Canadian eHealth strategy?

A recent blog post by my friend Alan Brookstone:

http://blog.canadianemr.ca/canadianemr/2010/03/ehr-priority-for-us-government.html

asks the question that I have heard echoed by many people with whom I speak about the Canadian eHealth agenda – “How do we get Canada back on track?”  There appears to be growing consensus, particularly when watching events unfold south of the border, that Canada is stalled when it comes to eHealth.   I can almost sense the excitement in the US from my desk.   On the other hand, I  have to look hard to find anything about Canadian eHealth initiatives.

So, what do you think?  Do we need changes to the Canadian eHealth strategy?  If so, what do you think they should be?

Mike

One response to “Canadian eHealth strategy?

  1. I think that we absolutely need a change in ehealth strategy. I could probably write pages on this but I’ll keep this brief.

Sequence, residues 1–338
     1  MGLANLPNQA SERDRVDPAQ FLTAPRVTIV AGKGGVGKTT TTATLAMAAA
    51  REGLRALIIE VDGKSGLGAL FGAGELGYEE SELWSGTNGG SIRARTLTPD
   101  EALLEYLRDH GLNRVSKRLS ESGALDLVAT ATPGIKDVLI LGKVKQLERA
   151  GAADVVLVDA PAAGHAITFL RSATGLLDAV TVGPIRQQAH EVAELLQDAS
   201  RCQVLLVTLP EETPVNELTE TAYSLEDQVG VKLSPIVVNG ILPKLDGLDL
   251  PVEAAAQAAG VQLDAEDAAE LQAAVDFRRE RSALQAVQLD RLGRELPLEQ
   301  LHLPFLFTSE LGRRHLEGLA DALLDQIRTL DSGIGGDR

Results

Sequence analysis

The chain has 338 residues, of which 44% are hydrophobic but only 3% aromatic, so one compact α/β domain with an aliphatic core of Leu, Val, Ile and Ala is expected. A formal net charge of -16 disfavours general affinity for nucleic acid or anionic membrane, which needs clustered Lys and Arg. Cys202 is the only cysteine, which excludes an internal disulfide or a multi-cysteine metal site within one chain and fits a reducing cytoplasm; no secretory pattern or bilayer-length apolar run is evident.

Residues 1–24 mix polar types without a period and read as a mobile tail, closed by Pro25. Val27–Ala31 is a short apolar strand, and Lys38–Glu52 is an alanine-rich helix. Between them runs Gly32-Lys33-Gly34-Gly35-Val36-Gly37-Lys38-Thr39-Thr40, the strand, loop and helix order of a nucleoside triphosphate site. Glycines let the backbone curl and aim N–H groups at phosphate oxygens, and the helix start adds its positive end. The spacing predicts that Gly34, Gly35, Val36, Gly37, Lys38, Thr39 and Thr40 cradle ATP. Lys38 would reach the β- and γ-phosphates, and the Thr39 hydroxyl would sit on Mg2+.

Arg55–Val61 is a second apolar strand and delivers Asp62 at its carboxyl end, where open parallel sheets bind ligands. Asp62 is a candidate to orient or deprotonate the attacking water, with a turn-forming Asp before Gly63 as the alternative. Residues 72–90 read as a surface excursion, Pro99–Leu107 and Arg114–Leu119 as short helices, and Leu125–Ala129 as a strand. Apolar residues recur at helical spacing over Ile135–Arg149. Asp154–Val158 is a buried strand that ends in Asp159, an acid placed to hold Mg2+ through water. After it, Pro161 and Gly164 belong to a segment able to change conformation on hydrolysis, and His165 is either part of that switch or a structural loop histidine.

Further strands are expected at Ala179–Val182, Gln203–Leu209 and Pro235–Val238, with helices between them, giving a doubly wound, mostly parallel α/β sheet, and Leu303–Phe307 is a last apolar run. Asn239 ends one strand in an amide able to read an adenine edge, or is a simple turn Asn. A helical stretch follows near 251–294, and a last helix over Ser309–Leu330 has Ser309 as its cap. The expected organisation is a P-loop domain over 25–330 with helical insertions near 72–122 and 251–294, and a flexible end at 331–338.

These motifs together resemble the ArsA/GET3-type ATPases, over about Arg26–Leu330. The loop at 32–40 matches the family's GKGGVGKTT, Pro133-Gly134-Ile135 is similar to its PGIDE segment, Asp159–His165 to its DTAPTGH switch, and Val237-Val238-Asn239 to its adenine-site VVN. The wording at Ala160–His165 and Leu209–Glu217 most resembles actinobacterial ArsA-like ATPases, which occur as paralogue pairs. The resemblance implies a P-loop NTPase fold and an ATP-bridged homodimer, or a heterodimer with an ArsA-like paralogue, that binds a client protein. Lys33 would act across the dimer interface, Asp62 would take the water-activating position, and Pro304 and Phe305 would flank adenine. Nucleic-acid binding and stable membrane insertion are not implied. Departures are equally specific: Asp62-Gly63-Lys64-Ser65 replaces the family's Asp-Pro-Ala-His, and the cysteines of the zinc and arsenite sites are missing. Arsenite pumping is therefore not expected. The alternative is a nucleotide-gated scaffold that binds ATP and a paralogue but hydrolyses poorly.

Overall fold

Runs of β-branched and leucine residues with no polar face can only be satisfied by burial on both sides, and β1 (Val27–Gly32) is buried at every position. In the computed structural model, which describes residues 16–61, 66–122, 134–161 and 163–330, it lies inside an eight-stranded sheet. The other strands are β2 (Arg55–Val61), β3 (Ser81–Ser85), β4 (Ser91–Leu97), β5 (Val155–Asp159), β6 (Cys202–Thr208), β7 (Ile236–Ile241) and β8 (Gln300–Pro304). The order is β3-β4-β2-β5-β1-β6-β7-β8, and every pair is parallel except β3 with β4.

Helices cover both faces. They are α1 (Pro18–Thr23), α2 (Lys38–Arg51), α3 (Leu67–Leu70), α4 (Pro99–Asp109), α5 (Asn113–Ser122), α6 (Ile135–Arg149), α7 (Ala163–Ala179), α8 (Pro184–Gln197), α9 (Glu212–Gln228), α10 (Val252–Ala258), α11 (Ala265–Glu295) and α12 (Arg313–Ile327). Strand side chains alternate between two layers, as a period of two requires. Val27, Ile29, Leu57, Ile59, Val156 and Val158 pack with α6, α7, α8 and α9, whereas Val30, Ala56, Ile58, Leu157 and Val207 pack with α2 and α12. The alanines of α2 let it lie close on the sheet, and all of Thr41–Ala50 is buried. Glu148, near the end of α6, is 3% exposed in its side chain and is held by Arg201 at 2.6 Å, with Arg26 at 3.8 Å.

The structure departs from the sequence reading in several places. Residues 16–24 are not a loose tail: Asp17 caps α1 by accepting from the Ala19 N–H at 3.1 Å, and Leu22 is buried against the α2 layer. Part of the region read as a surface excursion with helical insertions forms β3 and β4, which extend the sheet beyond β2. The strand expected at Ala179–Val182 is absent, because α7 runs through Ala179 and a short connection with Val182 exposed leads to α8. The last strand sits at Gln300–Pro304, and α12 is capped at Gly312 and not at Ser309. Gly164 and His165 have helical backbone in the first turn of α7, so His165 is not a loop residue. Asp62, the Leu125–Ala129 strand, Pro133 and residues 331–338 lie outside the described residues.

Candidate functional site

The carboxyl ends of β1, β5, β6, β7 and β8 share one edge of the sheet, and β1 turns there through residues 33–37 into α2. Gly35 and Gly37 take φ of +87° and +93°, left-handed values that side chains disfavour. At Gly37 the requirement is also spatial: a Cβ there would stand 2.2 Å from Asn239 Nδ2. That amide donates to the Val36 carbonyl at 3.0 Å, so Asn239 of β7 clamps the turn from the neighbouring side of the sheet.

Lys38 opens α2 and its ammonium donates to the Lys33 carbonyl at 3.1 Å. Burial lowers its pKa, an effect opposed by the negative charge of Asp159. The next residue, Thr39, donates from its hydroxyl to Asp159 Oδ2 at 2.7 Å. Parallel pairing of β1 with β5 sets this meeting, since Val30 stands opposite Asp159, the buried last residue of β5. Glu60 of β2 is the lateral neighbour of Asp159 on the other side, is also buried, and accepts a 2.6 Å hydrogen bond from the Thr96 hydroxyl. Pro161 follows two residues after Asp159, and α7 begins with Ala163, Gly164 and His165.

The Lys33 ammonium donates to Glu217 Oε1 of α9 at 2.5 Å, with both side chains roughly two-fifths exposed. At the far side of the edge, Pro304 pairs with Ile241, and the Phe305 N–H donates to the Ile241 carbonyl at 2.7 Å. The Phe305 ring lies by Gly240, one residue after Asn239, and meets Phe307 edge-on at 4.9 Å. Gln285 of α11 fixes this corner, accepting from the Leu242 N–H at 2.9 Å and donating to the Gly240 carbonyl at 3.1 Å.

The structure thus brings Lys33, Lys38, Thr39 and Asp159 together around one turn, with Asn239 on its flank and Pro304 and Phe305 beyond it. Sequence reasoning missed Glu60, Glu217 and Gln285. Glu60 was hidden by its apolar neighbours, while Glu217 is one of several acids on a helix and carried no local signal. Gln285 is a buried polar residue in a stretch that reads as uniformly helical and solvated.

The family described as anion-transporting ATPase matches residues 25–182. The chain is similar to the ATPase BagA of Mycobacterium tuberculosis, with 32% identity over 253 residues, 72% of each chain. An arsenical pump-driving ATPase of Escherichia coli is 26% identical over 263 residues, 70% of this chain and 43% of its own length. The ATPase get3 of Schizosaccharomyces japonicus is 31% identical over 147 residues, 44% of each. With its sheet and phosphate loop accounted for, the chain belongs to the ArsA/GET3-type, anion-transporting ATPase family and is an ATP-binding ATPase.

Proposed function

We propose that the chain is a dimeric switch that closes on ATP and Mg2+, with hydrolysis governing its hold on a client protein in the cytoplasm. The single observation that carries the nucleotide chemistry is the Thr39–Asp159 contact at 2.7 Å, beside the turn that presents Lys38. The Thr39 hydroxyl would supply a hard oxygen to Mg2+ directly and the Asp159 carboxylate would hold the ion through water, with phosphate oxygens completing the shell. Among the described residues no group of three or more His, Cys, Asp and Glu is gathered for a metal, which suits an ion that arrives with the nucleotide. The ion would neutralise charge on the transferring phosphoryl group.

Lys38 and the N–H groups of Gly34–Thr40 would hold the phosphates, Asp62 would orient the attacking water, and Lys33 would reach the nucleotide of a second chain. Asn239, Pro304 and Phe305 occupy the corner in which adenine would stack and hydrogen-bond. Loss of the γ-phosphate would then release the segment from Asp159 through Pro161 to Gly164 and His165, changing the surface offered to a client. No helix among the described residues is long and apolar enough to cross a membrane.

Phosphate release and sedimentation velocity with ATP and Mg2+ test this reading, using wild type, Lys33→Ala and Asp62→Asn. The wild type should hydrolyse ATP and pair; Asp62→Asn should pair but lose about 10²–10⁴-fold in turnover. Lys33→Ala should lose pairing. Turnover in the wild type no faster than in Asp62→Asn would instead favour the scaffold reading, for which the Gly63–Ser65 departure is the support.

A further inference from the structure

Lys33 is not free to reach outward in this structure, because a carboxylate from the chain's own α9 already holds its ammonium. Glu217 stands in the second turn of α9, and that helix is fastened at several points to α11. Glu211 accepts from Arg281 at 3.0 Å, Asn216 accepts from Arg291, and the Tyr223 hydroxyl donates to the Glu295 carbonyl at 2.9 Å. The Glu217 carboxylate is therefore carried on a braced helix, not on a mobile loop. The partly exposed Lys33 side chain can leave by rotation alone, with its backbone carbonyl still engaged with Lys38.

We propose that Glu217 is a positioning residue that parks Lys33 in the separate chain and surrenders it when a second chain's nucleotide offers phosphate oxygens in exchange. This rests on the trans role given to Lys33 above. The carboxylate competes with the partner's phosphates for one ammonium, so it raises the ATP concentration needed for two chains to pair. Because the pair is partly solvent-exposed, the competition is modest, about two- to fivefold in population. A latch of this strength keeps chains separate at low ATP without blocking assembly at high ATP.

Bottom line is that doing this right is the single most significant thing that can be done to save the healthcare ecosystem money and in doing so, help preserve publicly funded healthcare.

    I’m a family doctor and it’s amazing how much of my time is wasted inefficiently in administration. Having a universal ehealth solution with all data and all heathcare professionals/ institutions just a quick online tap, link or online search away would revolutionize my day and let me do what I do best, which is spending time with my patients.

    I believe this system needs to be built from the ground up as open-source as possible allowing anyone to contribute to the build of the system as long as they meet some government set standards of privacy, security, connectivity, data architecture, etc. All data should reside in a giant online cloud. Patients, providers, institutions, government should be custodians of relevant data and control who views what and when through privacy controls. EMRs as we know them today would cease to exist and be reinvented as portals to and from the digital cloud, serving up, retrieving data, and acting as an ‘operating system’ for doctors and patients. In this way we could make operability among systems irrelevant.

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